They Crossed The Finish Line: Cal Worthington
Cal Worthington was best known on the West Coast, but he was also well known in other parts of the country. Worthington had minor appearances and parodies in a number of movies and because of his over-the-top stage persona; he was the butt of plenty of jokes. He was best known for his unique radio and television commercials for the Worthington Dealership Group.
In his advertisements, he was usually joined by “His Dog Spot” who would be a tiger, a seal, an elephant, a chimpanzee, a bear, a hippopotamus or an airplane. Worthington’s antics earned him more than any other single dealer in the country during his heyday.
Worthington never owned a car; he would borrow one for sale from one of his dealerships. He said in 2007 that he disliked selling automobiles, but “just kind of got trapped in it after the war”. Funny thing; Cal Worthington may not have liked selling cars, but his commercials changed the face of local dealer advertising. He paved the way for bold, kitschy advertising which would transcend automobiles, but enter into all kinds of products.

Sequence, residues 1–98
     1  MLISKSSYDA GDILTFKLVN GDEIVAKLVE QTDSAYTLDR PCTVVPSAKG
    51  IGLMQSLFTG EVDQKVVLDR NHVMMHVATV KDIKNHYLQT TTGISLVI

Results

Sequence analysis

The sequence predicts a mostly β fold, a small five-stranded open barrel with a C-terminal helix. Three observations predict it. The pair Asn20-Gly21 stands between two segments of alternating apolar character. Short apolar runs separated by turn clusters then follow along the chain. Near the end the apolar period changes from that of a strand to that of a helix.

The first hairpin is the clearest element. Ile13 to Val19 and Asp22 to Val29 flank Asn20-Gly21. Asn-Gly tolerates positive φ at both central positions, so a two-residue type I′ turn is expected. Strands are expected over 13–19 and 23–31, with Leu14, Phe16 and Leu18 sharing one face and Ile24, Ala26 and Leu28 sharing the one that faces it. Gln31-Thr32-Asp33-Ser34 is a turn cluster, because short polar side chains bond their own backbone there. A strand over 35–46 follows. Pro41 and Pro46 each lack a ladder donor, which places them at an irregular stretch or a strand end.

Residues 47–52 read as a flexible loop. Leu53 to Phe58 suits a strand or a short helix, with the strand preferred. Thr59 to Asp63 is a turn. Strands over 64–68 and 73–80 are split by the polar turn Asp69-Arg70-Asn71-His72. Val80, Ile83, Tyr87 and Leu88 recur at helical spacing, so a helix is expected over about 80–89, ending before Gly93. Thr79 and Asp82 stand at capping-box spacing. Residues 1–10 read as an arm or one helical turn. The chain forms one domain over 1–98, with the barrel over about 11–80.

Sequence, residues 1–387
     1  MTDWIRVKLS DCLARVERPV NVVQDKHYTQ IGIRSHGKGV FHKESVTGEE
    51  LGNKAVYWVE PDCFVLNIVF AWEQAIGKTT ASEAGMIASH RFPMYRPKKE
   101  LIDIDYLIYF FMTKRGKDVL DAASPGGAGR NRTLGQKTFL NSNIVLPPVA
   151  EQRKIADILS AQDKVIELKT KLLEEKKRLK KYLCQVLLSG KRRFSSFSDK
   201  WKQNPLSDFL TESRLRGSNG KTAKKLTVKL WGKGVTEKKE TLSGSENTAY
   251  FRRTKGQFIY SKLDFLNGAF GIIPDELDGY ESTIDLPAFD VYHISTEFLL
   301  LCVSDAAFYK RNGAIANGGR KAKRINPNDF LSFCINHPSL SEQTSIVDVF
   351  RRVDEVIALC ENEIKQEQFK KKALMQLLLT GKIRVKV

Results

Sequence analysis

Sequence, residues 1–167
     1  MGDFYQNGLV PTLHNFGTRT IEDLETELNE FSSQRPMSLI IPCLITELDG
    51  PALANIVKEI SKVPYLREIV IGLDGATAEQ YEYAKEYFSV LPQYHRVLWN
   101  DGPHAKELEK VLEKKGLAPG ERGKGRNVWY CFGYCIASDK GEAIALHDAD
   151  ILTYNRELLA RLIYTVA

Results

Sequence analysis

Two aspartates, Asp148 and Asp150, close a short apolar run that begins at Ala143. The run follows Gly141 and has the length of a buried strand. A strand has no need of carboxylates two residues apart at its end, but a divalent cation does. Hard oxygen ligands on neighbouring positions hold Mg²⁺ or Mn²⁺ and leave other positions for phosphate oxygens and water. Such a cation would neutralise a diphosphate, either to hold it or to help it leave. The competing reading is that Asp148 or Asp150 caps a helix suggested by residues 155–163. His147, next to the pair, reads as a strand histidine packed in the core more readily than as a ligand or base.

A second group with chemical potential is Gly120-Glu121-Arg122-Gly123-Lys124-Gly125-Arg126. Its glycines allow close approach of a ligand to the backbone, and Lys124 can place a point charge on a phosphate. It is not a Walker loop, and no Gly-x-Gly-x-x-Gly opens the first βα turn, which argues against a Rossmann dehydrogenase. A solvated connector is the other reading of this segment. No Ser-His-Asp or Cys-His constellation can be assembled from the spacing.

His sales antics with his “His Dog Spot” drove a career that took him from a three-car lot on a patch of Texas dirt to a multi-make dealership empire that grossed billions of dollars and stretched from Southern California to Alaska. His old-time carnival flair built one of the most successful car dealerships west of the Mississippi.
Worthington was among the last of the television pitchmen who used something other than pictures to sell cars. He would outlive such figures as Earl “Madman” Muntz (“We buy ’em retail and sell ’em wholesale. It’s more fun that way”) and Ralph Williams (who sold cars at “One-five-800 Ventura Boulvard — in the heart of Encino.”)
Worthington served in the U.S. Army Air Corps from 1942-1945. During his tour of duty, he earned the Air Medal (4 Oak Leaf Clusters) and the Distinguished Flying Cross. On September 8th, 2013 Mr. Worthington left this life peacefully on his ranch at the age of 92.
California State University would call on Worthington to be a guest speaker from time to time. He regaled them with stories of his dirt poor upbringing and military exploits. In one of his speeches, he said: “Every person is better at one thing than everyone else in the world, but few of us ever discover that one thing”. One thing Cal Worthington was good at was doing things big. The most humble beginnings can have the biggest results.